Our strategy has been successful because it’s aligned with our company’s mission: We want to be a part of changing the world for the better, so we wanted to make sure we were doing our part in that.

Eli Cohen, Co-Founder, The ADU Guide

Offer Team Skill Enhancement Opportunities

One effective approach is to provide opportunities for current team members to enhance their skills and acquire in-demand skills. By offering various avenues for professional development, you demonstrate your willingness to invest in your team members’ careers and support their growth. 

Providing these opportunities not only equips your team members with the necessary skills but also shows your commitment to their professional development. Fostering a culture of continuous learning and knowledge sharing is crucial in addressing talent shortages. 

Encouraging experienced team members to mentor emerging colleagues creates a collaborative environment, and promoting cross-functional collaboration and internal mobility is another effective strategy.

Heidi Hauver, Chief People Officer

Attract Candidates with Recruitment Campaigns

We utilized robust, marketing-like recruitment campaigns to attract qualified candidates to tackle our talent shortage. Videos always work in a marketing campaign and attract numerous customers; we thought we should leverage this for our recruitment strategy. 

We made a video highlighting the details of our workplace and what employees can expect from working at our company. We included some employees who have been integral members of the company for years. They shared their work experience in the video and emphasized the benefits they received.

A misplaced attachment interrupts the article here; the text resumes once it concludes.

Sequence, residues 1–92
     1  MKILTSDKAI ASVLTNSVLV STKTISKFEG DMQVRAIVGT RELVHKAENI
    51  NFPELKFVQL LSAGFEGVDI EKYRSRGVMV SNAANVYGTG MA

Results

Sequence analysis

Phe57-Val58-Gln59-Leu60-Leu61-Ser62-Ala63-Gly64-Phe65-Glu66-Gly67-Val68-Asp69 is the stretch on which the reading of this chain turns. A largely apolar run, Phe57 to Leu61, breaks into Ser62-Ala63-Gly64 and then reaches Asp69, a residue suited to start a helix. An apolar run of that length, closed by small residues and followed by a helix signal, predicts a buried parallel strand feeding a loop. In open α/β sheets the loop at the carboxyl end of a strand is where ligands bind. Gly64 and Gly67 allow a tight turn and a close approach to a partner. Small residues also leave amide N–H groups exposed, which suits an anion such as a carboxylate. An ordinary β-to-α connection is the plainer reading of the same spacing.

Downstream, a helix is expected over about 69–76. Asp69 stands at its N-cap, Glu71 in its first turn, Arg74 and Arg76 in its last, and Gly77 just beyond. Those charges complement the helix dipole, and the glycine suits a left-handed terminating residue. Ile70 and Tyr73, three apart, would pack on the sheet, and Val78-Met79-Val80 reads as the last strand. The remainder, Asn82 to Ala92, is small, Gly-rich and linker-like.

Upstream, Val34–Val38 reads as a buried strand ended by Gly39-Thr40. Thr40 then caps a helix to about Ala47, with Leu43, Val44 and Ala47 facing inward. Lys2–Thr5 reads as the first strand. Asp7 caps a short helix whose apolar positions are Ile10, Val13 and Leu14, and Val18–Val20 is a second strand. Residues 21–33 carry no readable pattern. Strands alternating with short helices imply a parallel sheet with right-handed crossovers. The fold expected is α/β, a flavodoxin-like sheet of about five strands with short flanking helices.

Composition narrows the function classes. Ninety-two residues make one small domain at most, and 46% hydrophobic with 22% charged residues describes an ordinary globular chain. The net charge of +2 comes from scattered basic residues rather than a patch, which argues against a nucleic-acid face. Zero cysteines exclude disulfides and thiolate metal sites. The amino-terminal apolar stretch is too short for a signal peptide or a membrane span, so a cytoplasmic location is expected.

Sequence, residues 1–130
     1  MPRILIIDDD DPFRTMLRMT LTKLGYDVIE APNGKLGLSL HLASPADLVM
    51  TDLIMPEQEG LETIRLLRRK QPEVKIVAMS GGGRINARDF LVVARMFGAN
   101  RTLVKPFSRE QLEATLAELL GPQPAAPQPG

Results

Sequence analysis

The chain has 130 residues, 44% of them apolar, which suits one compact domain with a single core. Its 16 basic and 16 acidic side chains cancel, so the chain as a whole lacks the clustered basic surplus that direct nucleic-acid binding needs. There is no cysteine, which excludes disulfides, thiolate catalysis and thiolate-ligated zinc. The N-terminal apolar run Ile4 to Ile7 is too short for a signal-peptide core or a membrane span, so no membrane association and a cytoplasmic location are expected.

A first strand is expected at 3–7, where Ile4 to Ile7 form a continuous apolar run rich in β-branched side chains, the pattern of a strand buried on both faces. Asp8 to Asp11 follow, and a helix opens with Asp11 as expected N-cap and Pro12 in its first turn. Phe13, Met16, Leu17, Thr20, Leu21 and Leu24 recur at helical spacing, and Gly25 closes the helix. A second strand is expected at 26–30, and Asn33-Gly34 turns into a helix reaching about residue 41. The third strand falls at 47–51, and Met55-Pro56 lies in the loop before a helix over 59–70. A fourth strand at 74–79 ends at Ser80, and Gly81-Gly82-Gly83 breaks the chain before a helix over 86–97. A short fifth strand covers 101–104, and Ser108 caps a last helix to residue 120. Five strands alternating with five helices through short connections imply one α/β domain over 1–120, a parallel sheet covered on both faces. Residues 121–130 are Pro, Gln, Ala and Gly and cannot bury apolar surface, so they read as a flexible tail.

We promoted the video on various social media platforms, which drew many interested candidates who contacted us for jobs on social media and through emails. We found many new employees among those candidates.

Tom Vota, Marketing Director, Gotomyerp

Utilize Project-Based Freelancers

In the tech industry, a shortage of talent is a common occurrence. Our company faced the same issue. However, we needed workers for some critical projects immediately. After much discussion with the entire team, we opted for project-based freelancers. These freelancers worked on specific projects, and their contracts were over only after the completion. It helped us complete our projects before the deadlines. 

All our clients and stakeholders of the projects were happy with the results. Thus, this decision aided us in maintaining the satisfaction of our clients. We didn’t lose them, and our business growth remained steady. We also worked with the same freelancers for other projects by attracting them with more perks.

Jonathan Palley, Partner, QR Code Generator Hub

Double Candidate Pool with

A huge win for us has been the use of to help us source and double to triple our efforts in finding talent. We have been historically great with LinkedIn outreach, but using their network meant we were able to double the number of candidates. 

The best part is that they also pre-vetted and interviewed folks for us, so when we reviewed their applications, they were on the whole better than those we sourced on our own. The real win was their help in streamlining our statements of work.

Matt Harrison, Vice President of Global Operations, Authority Builders

Expand Talent Pool with Remote Hiring

To tackle talent shortages in the tech industry, we’ve turned to remote hiring. This approach lets us reach skilled professionals worldwide, breaking free from local limitations.

With more and more people preferring to work from home for its flexibility and better work-life balance, our strategy aligns with this growing desire. By embracing remote work, we’ve successfully widened our talent pool and welcomed diverse, global perspectives into our organization.

Tobias Liebsch, Co-Founder,

Embrace Diversity-Driven Recruitment